The Commission issued today its latest report in the context of the Cooperation and Verification Mechanism (CVM) applied to Bulgaria. After 10 years of the CVM, the Commission took stock of steps taken by Bulgaria on judicial reform and the fight against corruption and organised crime, the achievements, the outstanding challenges and the steps still needed to end the CVM.
First Vice-President Timmermans said, "In the past ten years Bulgaria has made important progress in carrying out CVM reforms, in particular as concerns legislative and institutional developments in judicial matters. With the additional significant progress made last year, the momentum built up so far allows the focus to shift to the key remaining steps which need to be taken to reach the CVM objectives and therefore to complete this important process on judicial reform and the fight against corruption and organised crime under this Commission mandate, in line with the goal set by President Juncker. The speed of this depends on how quickly the Bulgarian authorities are able to take the identified remaining steps in an irreversible way, in a way that does not call into question the progress made so far."
The Commission's 2015 and 2016 CVM reports acknowledged important steps taken by the Bulgarian authorities to put the reform process back on the agenda. The 2017 Report shows that Bulgaria made additional significant progress in the implementation of the judicial reform strategy. Implementation of the national anti-corruption strategy still remains in an early stage. In the past 10 years, overall progress has not been as fast as hoped for, and a number of challenges remain to be addressed. The new government will need to drive reform forward to secure irreversible results. The Commission also considers that CVM should not be linked to other areas of EU law.
The Commission at this stage cannot yet conclude that the benchmarks are satisfactorily fulfilled. However, it is possible to identify a number of key recommendations to lead to the conclusion of the CVM process. The conclusion of the CVM process under this Commission's mandate, the objective set by President Juncker, depends on how quickly Bulgaria is able to fulfil the recommendations set out in this report, in an irreversible way.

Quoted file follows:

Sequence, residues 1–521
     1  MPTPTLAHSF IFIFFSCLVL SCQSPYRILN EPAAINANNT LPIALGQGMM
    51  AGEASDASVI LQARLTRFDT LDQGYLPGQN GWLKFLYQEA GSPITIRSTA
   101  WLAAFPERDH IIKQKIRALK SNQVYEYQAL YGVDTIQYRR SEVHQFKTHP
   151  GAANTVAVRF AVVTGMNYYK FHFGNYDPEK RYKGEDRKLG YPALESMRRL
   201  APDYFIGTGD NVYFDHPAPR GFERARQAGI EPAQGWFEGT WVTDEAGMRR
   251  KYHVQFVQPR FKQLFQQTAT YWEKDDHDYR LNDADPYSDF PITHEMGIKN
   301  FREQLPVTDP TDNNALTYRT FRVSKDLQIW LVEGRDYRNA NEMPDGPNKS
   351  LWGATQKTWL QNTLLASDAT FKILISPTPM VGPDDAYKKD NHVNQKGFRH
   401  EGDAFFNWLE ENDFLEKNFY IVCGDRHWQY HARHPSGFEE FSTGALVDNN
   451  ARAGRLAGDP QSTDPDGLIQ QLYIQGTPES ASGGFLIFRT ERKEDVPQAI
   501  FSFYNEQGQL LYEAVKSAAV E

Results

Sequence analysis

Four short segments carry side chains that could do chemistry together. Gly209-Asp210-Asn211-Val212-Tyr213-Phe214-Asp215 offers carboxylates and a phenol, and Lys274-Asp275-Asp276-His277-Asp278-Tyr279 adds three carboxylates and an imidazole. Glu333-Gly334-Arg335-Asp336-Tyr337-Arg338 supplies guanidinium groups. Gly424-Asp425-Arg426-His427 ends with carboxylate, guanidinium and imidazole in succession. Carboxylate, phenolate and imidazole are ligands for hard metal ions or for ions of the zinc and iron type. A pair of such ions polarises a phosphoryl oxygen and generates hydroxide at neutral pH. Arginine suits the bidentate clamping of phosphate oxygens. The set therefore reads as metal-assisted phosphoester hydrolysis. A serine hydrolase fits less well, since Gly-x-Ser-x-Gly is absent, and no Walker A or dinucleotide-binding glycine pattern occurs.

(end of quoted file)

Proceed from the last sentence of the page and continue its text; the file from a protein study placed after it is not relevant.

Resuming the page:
The Commission considers that the CVM objectives can be achieved by following up the recommendations set out in this report. The Commission will work closely with the Bulgarian authorities and provide support where needed, and will assess progress made towards the end of 2017.
On 1 January 2007, the Commission established the Cooperation and Verification Mechanism to assess progress against the commitments made by Bulgaria in the areas of judicial reform and the fight against corruption and organised crime. The Commission reports on progress in these areas on a regular basis. The Commission issued its first report on 27 June 2007. The reports contain the Commission's assessment and recommendations to the Bulgarian authorities, and are complemented by a staff working document which sets out a detailed analysis against each of the benchmarks of the CVM.
The Commission analyses measures taken by the Bulgarian authorities, drawing on continuous dialogue between the Bulgarian authorities and the Commission services. The reports have also benefitted from contacts with Member States, civil society, international organisations, independent experts and a variety of other sources. The Commission's conclusions and the methodology of the CVM have consistently enjoyed the strong support of the Council of Ministers.
The previous CVM report was published on 27 January 2016. This new report concerns the period since then, as well as an overall review of progress during the 10 years in which the CVM has been in place. The next formal report is likely to come towards the end of 2017.
For more information: